Both Kiss & Queen have two members more focused than the rest. In the first, Paul was the main songwriter (numerically and hit-wise), was/is more associated with the band`s trademark sound, Gene is the most admired member by fans (considering his "bad-guy" image, as opposed to Paul`s "uncompromising" visual impact). In Queen, Freddie was the main songwriter (numerically and hit-wise), and has more fans than Brian (who is in this case the most associated with the band`s sound), but May is more respected in rock circles as musician (because of the image again, Brian has the image of "multi-talented", Freddie has the image of "gay singer"). As the rest of members, Queen maintained the drummer and bass player, while Kiss changed the two "changeable" members - drummer and lead guitarist - from time to time. All in all Kiss had three drummers: Peter (the cat-man, and the original drummer, the one with Rod Stewart-like voice and the songwriter and singer of `Beth`), Eric Carr (the fox, and a very admired drummer, great Bonham-esque style, wonderful voice, sadly died, the same day as Freddie btw), and Eric Singer (who ocassionally plays bass too, and took over the cat make-up after Peter left for the second time). On lead guitars they had four: Ace (appearing at the beginning and the end, characterised for his Dylan-esque voice and his heavy Stones influence, and his remarkable solos), Vinnie (Egyptian character, who litherally moved from Kiss to Bangles, as he produced some material for the girls), Mark (very technical guitarist, sadly he had to leave soon due to illness), and Bruce (the one who lasted the longer, and the one who plays the solo of `Forever`; he never had a character since he entered and left in the middle of the band`s unmasked era, but he gets along with them and eventually has co-written some of their songs after he left).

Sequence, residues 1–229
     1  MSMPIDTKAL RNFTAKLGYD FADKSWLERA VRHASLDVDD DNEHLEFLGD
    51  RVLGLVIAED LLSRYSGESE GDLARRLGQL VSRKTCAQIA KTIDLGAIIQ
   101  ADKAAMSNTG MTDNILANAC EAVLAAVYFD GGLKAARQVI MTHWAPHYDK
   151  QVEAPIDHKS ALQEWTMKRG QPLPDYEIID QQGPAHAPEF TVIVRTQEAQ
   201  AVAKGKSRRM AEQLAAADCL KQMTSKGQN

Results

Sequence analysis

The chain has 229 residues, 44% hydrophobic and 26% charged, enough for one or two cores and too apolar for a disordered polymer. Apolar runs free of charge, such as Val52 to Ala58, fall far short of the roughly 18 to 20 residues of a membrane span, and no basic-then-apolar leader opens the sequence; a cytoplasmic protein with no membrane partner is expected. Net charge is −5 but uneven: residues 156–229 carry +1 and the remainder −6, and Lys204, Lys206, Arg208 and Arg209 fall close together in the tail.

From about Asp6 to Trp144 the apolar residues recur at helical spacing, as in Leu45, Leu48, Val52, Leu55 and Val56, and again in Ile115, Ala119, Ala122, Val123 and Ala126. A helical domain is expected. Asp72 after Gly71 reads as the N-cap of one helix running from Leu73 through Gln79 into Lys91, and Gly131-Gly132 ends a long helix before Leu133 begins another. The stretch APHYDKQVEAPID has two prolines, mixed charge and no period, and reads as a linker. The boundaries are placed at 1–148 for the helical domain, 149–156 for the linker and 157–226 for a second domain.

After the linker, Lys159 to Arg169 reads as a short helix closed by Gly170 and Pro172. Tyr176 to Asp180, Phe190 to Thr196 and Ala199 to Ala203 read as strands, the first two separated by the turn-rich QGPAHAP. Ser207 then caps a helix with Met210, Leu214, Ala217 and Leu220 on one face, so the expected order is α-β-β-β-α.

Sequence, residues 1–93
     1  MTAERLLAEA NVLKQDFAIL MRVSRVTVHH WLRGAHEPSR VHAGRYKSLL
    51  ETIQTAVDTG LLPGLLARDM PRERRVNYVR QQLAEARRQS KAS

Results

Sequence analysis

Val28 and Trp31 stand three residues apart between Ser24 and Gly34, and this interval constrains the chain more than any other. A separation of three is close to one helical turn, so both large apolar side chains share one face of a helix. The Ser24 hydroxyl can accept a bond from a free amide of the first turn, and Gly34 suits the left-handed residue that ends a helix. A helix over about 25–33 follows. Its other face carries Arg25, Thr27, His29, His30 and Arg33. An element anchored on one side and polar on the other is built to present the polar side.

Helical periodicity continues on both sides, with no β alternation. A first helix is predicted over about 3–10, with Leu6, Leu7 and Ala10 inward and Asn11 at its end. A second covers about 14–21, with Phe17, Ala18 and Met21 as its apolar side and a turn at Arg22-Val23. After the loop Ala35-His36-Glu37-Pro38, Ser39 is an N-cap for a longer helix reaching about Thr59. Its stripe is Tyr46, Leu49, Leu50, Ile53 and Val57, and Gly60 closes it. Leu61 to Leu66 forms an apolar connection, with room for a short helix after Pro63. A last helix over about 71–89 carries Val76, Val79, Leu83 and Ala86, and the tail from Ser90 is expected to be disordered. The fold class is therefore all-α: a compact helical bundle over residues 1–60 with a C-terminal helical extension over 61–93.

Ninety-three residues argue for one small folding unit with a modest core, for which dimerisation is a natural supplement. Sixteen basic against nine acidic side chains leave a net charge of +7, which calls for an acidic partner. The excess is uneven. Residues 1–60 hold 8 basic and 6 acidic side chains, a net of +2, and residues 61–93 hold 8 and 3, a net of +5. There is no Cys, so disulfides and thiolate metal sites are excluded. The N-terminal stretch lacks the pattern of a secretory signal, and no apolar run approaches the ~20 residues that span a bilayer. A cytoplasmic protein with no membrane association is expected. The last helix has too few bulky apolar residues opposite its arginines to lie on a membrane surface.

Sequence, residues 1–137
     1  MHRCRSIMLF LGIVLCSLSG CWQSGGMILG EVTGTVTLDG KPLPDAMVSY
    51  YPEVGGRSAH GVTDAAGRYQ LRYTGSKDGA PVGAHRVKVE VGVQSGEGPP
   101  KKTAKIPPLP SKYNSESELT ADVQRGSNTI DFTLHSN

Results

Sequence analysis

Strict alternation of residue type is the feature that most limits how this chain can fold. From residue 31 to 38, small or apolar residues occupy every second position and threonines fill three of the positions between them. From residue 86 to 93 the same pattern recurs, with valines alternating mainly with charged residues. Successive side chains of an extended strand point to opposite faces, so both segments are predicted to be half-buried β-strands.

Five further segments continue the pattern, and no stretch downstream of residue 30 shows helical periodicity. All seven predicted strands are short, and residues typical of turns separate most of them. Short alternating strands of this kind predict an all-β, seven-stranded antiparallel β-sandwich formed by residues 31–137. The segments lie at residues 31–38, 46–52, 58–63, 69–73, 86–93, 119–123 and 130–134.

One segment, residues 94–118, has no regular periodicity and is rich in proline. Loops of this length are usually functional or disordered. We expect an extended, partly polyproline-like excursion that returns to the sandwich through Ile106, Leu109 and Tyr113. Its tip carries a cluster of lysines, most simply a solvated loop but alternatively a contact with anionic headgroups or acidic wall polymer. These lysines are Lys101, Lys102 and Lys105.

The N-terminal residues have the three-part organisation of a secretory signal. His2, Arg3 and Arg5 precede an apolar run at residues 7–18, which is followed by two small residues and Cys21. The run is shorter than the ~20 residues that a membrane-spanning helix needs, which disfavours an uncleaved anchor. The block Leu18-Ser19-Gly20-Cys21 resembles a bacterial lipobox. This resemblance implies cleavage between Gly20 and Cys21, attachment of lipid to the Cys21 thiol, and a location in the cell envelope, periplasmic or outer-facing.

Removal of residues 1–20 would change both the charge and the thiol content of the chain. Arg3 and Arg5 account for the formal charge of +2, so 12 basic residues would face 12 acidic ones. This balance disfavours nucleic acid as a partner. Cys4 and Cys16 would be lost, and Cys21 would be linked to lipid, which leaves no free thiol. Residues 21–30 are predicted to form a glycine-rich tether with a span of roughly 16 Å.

I think Psycho Circus might be influenced by Brian`s & Cozy`s Resurrection by the way. When I first heard it, I found the song "too" Kiss, and many friends had the same initial though. But... Kiss didn`t sound like that until 1998, which was after Resurrection. Rooky mistake:), anyway, similar aspects between both tracks:

- The intro
- The "devil" singing in the middle
- The chorus (anthemic and powerful, withenergetic  high singing)
- Majestic solo (although Brian`s is of course more accomplished than Paul`s)

Interestingly enough, Gene was the person who "discovered" Van Halen (although his requests to Kiss manager to take care of them failed, they would later regret that of course), and Paul almost produced Guns N Roses, but he asked them to change Welcome To The Jungle and leave it more "commercial" (with synths and e-drums) and Axl just asked him to f... .... Axl punched Bowie once too... talk about rock episodes :)
pages 1